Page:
One of the most important advantages of SAPNS is its ability to provide a 3-D matrice in which neural cells can survive and differentiate. Guo and coworkers incorporated neural stem cells (NSCs) and Schwann cells in SAPNS, and transplanted them into dorsal column lesion of the cervical spinal cord. At 6 wks after implantation, there was excellent integration between the implant and the host tissue. Moreover, extensive axonal regrowth was observed with immunohistochemistry staining with NF, 5-HT, and CGRP (Guo et al., 2007). Recent reports highlighted the further applications of controlled release of bioactive factors incorporated into the SAPNS in vitro and in vivo. For instance, CT04, a cell permeable RhoA inhibitor, was incorporated into RADA16-I-SAPNS and implanted in a complete transection lesion at T9 level of the spinal cord. This novel integrative SAPNS not only reconstructed the injured nerve gap, but also elicited significant axonal regeneration and motor functional recovery. Additionally it also effectively reduced the infiltration and apoptosis of activated macrophages within the injured spinal cord. The SAPNS-based delivery of RhoA inhibitor is a potentially effective therapeutic strategy by reknitting lesion gap, attenuating secondary injury and improving axonal regeneration (Fig.1). Moreover, Gelain and Zhang’s group has developed functionalized SAPNS that can improve the engraftment and neural differentiation of seeding neural progenitor cells in vitro, and enhance neural regeneration in vivo. With the aid of phage display technology, a functionalized SAPNS was found to demonstrate high in vitro stem cell viability and neural differentiation, as well as significantly promoted axonal regrowth and locomotor functional recovery in acute spinal cord injury (Gelain et al., 2006; 2012).

Collectively, these in vivo studies with various SCI models evidenced the significant potential of SAPNS in the repair of SCI from different aspects that SAPNS provide. Based on the current advances of fabrication and biochemistry techniques, future directions would consider introduction of updated topographical cues and more bioactive motifs or growth factors into the scaffold design to induce more robust and organized regeneration for injured central neural system, achieving more significant functional recovery.

3. Nanofibrous scaffolds applied in PNS repair

3.1. Development of nanofiber biomaterials used for PNS regeneration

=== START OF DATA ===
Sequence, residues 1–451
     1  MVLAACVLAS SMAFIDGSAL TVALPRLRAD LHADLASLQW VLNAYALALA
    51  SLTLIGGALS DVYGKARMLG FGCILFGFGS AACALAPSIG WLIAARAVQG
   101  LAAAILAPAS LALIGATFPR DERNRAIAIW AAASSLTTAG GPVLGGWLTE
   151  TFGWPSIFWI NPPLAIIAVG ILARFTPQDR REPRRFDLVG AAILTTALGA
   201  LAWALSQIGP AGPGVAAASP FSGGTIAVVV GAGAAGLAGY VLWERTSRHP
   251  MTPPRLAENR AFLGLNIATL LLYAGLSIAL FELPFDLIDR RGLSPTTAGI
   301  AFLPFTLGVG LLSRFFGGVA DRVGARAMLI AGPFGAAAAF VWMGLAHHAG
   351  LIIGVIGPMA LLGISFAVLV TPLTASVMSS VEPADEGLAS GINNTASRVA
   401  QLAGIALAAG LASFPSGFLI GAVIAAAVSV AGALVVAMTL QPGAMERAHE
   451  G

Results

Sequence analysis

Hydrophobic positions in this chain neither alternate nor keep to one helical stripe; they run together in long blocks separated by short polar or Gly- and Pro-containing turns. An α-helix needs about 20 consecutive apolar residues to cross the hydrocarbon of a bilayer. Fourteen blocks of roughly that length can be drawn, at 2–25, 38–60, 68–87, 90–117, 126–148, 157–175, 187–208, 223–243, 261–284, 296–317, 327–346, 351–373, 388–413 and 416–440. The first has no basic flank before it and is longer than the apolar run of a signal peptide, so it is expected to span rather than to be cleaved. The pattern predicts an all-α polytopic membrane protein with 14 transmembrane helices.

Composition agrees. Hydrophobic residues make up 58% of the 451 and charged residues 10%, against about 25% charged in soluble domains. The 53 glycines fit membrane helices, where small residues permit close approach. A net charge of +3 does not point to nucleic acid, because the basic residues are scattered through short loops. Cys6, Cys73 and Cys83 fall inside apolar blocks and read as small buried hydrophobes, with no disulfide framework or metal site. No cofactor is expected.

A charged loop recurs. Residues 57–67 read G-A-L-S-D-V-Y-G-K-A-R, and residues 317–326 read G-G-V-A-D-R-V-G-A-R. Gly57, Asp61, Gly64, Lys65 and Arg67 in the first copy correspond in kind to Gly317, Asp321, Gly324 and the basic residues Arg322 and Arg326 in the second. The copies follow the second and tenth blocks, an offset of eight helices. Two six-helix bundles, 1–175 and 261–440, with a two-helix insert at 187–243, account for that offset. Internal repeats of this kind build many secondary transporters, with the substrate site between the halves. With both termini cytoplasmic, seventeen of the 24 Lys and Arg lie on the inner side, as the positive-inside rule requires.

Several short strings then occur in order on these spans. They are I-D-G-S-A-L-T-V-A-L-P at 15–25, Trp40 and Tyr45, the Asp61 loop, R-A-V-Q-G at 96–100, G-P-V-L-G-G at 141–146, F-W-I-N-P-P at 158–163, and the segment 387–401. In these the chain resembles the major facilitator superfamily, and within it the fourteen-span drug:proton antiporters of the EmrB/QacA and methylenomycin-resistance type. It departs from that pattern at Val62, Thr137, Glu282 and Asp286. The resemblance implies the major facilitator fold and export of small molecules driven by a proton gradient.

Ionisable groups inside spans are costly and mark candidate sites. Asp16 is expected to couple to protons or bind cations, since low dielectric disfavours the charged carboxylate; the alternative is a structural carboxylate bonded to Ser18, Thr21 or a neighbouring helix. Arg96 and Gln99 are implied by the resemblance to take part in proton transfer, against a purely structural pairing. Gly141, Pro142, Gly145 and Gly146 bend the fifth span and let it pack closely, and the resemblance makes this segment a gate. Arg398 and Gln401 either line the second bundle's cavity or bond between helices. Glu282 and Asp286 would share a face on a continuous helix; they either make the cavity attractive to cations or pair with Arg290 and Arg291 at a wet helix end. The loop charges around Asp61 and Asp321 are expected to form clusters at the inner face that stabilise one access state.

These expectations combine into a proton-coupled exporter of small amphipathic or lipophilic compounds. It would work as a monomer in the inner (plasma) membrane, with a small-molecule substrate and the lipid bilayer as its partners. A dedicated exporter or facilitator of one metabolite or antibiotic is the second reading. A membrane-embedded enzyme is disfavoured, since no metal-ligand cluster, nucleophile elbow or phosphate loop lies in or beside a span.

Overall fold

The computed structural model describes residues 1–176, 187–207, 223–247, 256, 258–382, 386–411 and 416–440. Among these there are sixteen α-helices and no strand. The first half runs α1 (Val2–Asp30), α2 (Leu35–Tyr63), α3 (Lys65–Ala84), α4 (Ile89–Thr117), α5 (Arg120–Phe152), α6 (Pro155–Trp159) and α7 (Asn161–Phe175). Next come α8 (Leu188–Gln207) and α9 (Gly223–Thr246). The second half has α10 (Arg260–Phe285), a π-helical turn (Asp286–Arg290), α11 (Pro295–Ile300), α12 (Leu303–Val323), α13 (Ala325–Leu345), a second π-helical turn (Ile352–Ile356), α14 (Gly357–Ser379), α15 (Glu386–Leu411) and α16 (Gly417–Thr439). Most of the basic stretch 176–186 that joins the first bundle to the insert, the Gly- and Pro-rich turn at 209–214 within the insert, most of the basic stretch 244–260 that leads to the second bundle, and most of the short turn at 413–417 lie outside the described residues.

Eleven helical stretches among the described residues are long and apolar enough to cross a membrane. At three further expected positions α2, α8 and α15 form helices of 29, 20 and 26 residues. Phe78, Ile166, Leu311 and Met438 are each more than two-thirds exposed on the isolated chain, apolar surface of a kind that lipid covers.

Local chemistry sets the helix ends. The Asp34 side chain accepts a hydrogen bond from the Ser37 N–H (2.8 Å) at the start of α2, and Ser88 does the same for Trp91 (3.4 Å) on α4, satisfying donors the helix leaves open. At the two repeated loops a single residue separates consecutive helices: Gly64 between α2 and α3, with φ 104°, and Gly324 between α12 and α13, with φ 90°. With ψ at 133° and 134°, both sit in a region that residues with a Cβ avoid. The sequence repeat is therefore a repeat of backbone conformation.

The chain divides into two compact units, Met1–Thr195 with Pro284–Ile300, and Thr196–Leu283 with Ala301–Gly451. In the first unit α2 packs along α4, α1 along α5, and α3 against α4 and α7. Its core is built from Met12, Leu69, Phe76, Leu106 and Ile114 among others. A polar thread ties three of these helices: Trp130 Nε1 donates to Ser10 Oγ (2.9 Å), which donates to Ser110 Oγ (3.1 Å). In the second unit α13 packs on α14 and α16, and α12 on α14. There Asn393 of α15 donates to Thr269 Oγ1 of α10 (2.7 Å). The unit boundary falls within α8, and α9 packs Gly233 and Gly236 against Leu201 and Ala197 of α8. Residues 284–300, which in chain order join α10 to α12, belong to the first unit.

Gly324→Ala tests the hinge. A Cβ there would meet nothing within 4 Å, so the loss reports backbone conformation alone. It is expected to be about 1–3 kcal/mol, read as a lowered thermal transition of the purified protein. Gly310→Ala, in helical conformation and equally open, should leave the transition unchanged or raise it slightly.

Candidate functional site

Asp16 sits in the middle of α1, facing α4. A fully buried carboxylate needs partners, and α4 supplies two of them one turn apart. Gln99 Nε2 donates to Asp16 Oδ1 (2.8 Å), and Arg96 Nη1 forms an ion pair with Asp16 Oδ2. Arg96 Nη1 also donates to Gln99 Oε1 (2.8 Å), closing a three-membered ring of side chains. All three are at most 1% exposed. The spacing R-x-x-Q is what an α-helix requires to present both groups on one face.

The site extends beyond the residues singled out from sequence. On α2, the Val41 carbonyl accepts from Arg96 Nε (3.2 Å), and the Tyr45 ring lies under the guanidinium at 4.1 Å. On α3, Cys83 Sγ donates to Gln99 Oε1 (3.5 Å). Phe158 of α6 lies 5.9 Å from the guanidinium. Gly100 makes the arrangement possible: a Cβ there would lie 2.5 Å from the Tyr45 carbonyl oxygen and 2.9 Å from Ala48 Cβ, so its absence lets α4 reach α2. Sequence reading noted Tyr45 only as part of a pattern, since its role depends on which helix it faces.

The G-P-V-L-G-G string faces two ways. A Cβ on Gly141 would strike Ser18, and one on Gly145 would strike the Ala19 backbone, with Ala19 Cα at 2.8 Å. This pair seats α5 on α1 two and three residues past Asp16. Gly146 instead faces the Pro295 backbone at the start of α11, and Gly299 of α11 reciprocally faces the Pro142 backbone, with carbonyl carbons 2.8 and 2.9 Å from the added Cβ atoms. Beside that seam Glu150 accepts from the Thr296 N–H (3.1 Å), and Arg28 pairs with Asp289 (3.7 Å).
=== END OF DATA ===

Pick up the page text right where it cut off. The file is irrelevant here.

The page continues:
A variety of biodegradable materials have been processed into nanofibrous scaffold using eletrospining technique for PNI repair (Xie et al., 2010). In an early study, a bilayer chitosan conduit with inner layer of nano/microfibrous structure modified with oligopeptide was generated to repair a 15mm sciatic nerve gap in rats (Wang et al., 2008). This novel integrative chitosan conduit effectively promoted the axonal regeneration that was comparable to that of autologous nerve grafting? on histological assessment. Recently, a blend of biodegradable polymers PLGA/PCL was used to produce electrospun tubes to bridge a 10mm long sciatic nerve lesion gap in rat. Four months after surgery, most of the electrospin conduit-treated animals showed neural regeneration and functional restoration on immunohistochemial studies and electrophysiological assessment (Panseri et al., 2008). More interestingly, a novel bi-layer nanofibrous nerve conduit made of poly (L-lactide-co-caprolactone) and poly(propylene glycol) has been fabricated with electrospinning technique for PNI repair. The electrospin nerve conduit was designed as the luminal layer composed of longitudinally aligned nanofibers to promote axon regeneration, while the outer layer was equipped with random- organized nanofibers for mechanical support. After being implanted to bridge a 10mm gap of sciatic nerve, the nanofibrous nerve conduit significantly improved the regeneration of injured peripheral axons and motor functional recovery at 2 and 12 month post-surgery (Zhu et al., 2011). More recently, the effects of fibre diameter of electrospun conduits on peripheral nerve regeneration was analyzed with a 15mm sciatic nerve injury model. These fibrous conduits consisted of aligned electrospun poly (ε-caprolactone) (PCL) nanofibers (251±32 nm) and microfibers (981±83 nm). The nanofiber-treated group showed significantly greater total number of myelinated fibers and thicker myelin sheaths when compared with groups that received Microfiber and Film conduits at 3 month post-treatment. The number of regenerated dorsal root ganglion neurons in animals that received nanofiber conduits was increased significantly by retrograde labeling with fluorogold. On electrophysiological testing including compound muscle action potential and distal motor latency, the nanofibre-group showed greater improvement than the microfiber group (Jiang et al., 2012). These positive observations provide useful insights for the applications of electrospun nanofibrous nerve conduits with designed nanostructure in the development of peripheral nerve guide conduits.